brane, 2) their high-affinity binding to the inactive cGR,
3) the formation of the activated glucocorticoid/cGR
complex and its translocation into the nucleus, and 4)
changes in gene expression via transactivation and trans-
repression. The clinical importance of this pathway has
been underlined by a recent report by Du and colleagues
(5), who described abnormalities of expression and
binding of the GR as being involved in tissue resis-
tance to glucocorticoids in patients with systemic lupus
The term “transactivation” means transcriptional
transactivation by binding of a dimerized GR protein
complex to the promoter of glucocorticoid-regulated
genes, ultimately leading to up-regulated synthesis of
certain regulatory proteins. The interference with the
activity of (proinflammatory) transcription factors (such
as activator protein 1 and NF-?B) or interferon regula-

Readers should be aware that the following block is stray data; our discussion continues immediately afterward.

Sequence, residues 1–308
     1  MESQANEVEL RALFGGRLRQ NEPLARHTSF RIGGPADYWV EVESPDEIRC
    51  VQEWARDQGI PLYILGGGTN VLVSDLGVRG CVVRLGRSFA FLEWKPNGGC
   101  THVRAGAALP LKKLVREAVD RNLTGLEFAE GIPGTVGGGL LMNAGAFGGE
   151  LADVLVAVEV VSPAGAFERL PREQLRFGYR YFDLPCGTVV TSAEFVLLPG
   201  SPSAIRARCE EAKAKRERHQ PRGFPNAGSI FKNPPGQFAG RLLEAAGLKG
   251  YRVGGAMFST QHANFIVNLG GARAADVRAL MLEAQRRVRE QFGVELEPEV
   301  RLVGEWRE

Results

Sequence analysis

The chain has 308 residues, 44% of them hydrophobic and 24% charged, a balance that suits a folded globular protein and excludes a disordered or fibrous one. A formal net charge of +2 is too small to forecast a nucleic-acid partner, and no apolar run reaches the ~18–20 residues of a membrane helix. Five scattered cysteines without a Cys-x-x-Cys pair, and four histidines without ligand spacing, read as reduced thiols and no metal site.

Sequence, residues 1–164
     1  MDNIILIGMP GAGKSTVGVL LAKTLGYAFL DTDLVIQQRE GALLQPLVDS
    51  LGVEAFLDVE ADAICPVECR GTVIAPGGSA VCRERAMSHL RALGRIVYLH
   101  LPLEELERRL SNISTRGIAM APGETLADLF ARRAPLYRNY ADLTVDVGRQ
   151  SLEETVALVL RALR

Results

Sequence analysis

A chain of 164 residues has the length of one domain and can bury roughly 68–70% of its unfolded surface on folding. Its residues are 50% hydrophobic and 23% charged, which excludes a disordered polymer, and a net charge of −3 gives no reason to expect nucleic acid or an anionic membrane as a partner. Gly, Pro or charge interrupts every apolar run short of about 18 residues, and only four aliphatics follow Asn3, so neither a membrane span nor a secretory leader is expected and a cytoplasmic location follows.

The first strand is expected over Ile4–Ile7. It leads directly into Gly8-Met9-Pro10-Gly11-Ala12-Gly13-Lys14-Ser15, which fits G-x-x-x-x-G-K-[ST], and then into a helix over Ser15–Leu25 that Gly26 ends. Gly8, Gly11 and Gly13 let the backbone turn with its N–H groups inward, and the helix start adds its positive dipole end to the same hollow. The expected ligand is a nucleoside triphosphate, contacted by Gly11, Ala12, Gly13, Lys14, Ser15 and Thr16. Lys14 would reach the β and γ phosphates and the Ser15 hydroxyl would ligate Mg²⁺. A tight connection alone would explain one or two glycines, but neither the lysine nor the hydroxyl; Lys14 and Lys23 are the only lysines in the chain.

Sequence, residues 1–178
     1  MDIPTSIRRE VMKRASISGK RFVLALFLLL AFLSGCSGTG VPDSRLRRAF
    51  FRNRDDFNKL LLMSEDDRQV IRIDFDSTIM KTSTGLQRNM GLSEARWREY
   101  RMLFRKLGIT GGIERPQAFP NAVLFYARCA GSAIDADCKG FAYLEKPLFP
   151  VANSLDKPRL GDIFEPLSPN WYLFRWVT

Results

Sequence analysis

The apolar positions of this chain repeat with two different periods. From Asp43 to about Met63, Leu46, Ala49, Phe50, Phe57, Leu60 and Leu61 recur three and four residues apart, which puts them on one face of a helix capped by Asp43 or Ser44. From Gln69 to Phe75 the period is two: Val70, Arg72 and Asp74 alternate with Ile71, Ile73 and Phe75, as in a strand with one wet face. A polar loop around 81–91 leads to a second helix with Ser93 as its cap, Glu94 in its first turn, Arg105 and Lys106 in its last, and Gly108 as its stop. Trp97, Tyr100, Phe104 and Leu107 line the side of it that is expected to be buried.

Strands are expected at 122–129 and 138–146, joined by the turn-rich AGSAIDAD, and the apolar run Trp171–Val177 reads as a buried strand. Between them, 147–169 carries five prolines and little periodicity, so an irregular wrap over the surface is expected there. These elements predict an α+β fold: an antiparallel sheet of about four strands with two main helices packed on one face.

tory factor 3 by GR monomers is called “transrepres-
sion” and leads to the down-regulation of (proinflam-
matory) protein synthesis. The underlying mechanisms
are complex and have been reviewed extensively (1–4).
It should be stressed that these processes—in contrast to
rapid nongenomic effects that occur within seconds or
minutes—require time to go into effect. At least 30
minutes pass before significant changes are recognized
in regulator protein concentrations, and it usually takes
hours or days before changes on a cell, tissue, or organ
level become evident.
An emerging concept suggests that “transrepres-
sion” is responsible for several desirable antiinflamma-
tory and immunomodulating effects, whereas “transac-
tivation” is associated with frequently occurring side
effects as well as with some immunosuppressive activi-
ties. Therefore, it has been hypothesized that selective
GR agonists (SEGRAs) addressing dimer-independent
function (i.e., transrepression) almost exclusively would
show potent glucocorticoid therapeutic activity with
reduced side effects (6–8). Indeed, the first results along
these lines seemed promising (9). However, this concept
was recently challenged by Kleiman and Tuckermann
(6), who studied a mouse knock-in strain with a
dimerization-deficient GR and demonstrated that some
inflammatory processes can be suppressed by glucocor-
ticoids while others cannot. In addition, these mice do
exhibit the classic side effects of glucocorticoids such as